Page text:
There is a lot of talk about mortgages, but what exactly is a mortgage? I will try to give you a broad overview of what they are all about and what the terms mean.
In a nutshell, what is a mortgage?
A mortgage is a loan to buy a property. The loan is secured on the property. The security (sometimes called the lein) means that if the borrower fails to make payments to the lender, usually but not always a bank or building society, the lender can take possession of the property, sell it and recover their loan plus the costs of doing so. There are several different types of lenders from high street lenders to specialist lenders. You can either apply direct or go through a mortgage broker. If you have a bad credit history or difficult circumstances then there are specialist mortgage brokers you can go to who are specialists in helping clients get mortgages with bad credit
Terms you will come across.
The term– This is how long the mortgage is set to last. Most mortgages certainly for first-time buyers are set-up to run twenty-five years the term can be different though.
Advance– This is the amount of money the lender puts forward to help with the house purchase.
Deposit– Usually, the lender will want the buyer to put forward at least some of the money, this is known as the deposit usually a minimum of five percent.
Valuation/ survey– The lender will require that a local surveyor independently values the property you want to buy, so they know the loan can be recovered if they need to repossess.
Repayment Mortgage– with this sort of mortgage both the interest on the loan and the loan itself re repaid over the course of the term.
Interest Only Mortgage– With an interest-only mortgage, only the interest on the loan is repaid over the term the loan is paid off at the end.
Fixed-rate– The interest rate on the loan is set for a period of time usually two to five years, though it can be more. This means your payments are fixed and you know where you are.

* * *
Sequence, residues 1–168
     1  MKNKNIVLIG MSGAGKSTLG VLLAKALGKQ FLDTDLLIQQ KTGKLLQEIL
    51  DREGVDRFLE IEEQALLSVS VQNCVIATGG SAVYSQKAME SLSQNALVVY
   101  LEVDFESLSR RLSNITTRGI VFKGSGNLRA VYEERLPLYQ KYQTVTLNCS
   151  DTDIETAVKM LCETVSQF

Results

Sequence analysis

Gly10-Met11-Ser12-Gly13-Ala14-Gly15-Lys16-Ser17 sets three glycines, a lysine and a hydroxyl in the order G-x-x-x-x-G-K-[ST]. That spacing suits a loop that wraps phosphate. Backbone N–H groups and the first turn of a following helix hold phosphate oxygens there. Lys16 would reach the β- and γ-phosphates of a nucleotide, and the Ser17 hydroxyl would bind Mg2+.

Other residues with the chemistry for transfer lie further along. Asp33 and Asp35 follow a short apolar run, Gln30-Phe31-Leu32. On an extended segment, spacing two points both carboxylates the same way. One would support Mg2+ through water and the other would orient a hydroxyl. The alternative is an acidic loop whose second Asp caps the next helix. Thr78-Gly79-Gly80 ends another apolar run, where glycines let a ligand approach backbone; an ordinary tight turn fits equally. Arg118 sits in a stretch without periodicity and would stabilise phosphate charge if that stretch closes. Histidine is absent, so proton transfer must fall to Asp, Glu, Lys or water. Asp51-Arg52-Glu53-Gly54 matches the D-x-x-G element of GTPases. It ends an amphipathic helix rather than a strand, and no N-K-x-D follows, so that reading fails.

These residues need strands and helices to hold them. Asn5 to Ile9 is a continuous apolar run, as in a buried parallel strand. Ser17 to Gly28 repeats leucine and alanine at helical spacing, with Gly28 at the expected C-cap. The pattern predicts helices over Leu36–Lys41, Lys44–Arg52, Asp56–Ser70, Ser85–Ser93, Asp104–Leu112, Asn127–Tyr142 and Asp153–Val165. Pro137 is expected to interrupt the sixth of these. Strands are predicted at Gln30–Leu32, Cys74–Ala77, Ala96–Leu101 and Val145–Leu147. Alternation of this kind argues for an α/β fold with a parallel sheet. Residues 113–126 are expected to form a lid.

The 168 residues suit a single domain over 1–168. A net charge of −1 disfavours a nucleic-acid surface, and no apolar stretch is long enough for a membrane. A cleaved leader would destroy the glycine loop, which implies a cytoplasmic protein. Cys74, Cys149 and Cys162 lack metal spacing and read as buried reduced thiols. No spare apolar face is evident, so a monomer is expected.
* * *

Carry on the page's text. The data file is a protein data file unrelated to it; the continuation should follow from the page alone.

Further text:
Variable-rate- The interest rate will go up and down as the interest rate set by the bank of England changes. Sharp rises can cause money problem as the payment will go up.
Discount- This is when the lender offers a discount on their normal ate of interest for a set period of time as an incentive to use them. This gives smaller repayments at the beginning the mortgage
Tracker- they promise to follow an interest rate for a period of time e.g. base rate plus 2% means the rate of interest set by the bank of England plus two percent. They come in various terms up to the life of the mortgage.
Capped- there is a ceiling on the level of the rate so even if the base rate goes very high the maximum you have to pay is set.
Capped and Collared As but combined with a minimum level of interest you would pay.
Offset Mortgage– If you have savings, you can offset the savings interest you receive from the mortgage interest you need to pay, saves tax if you have the money.
Interest Rate– this is the amount the lender wants you to pay back for them to lend you the money you need. The rates generally revolve around the bank of England base rate.
Fees– some lender charge fees for you to borrow from them i.e. arrangement fees, they can be expensive so check them out.
Conveyancing- This is how the ownership of the property is passed from the current owner to you, check that the property is free from problems is part of the conveyancing. Carried out by either a solicitor or licenced conveyancer.